Komodo National Park – Here Be Dragons…

incidental naturalist

In 2007, a Komodo dragon killed an eight-year-old boy.  This was the first fatal attack on a human by one of the giant lizards in 33 years. “The Komodo bit him on his waist and tossed him viciously from side to side,” a national park spokesman, Heru Rudiharto, said.  “The boy died from massive bleeding half an hour later.”

This is the stuff of legends; huge reptiles capable of killing human beings, living on a remote Indonesian island. This may have been the first fatal attack for a while but it is just one of many attacks on people that have resulted in serious injury.

My childhood fascination with nature grew out of watching the behaviour of amphibians. Like many children, I learned about cycles of life by watching frog spawn become tadpoles and finally crawl out of the water on frogs’ legs. This interest naturally extended to the…

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Leonardo’s Wings

I’ve been trying to settle into an ancient history paper this weekend, but my brain keeps taking off on me.  Across my living room, the Mona Lisa, the Vitruvian Man and The Lady of the Dishevelled Hair are all vying for my attention.  Seems I’m on a bit of a Leonardo kick.  Over the past couple years, I’ve been taking art history courses spanning from prehistory to the twenty-first century.  I’ve been running back and forth along that timeline ever since.  Every time I think ‘the Renaissance is definitely my fave!’, I get swept up in compelling stories of yet another century, another country or continent.  Maybe there’s no such thing as settling on a favourite point of history.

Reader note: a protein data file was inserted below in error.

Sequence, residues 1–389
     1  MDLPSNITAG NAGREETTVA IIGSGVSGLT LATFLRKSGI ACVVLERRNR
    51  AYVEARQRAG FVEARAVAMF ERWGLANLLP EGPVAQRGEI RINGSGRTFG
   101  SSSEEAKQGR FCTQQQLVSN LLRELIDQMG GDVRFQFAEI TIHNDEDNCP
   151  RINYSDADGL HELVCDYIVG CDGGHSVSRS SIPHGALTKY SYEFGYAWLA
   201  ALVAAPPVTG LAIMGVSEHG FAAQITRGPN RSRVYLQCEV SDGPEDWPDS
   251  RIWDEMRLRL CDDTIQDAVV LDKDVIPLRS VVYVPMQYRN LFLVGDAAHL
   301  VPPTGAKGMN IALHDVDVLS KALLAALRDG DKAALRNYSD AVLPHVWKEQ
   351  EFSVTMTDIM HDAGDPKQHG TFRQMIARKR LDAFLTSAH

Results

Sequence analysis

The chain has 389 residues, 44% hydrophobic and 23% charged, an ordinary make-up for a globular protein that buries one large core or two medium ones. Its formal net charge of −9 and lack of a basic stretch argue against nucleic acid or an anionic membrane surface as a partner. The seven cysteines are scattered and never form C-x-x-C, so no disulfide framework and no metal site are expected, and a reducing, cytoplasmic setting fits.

A few days ago I returned to the Renaissance and watched a fascinating dramatized documentary, ‘Inside the Mind of Leonardo.’   What a mind. Painter of the immortal Mona Lisa…

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Do Robots Love Language? Bias and Google Translate

Loving Language

Translate Tongan? You'll have to ask him--Google Translate can't help. Translate Tongan? You’ll have to ask him–Google Translate can’t help.

I tend not to follow the mainstream. I study languages that others don’t, and I’ll often gravitate towards marginal dialects when I can. When I speak Arabic, I try to throw in a little Moroccan when I can. Speaking Russian, I might add a little bit of a Ukrainian accent. Right now, I’m learning Swiss German, which I’m afraid will irritate my standard German-speaking friends.

Google Translate follows the mainstream. It is a tool developed by a savvy business filling a commercial need. People who have and spend money need an application to conduct their business more easily. I addressed the relative value of languages in an earlier post.

Unfortunately, Google Translate reflects the mainstream. It offers the languages of the powerful, and translates using the language of the status quo without respect for what is good…

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Stones That Made Food

Bente Haarstad Photography

kvernstein_hogfjellet_cw-2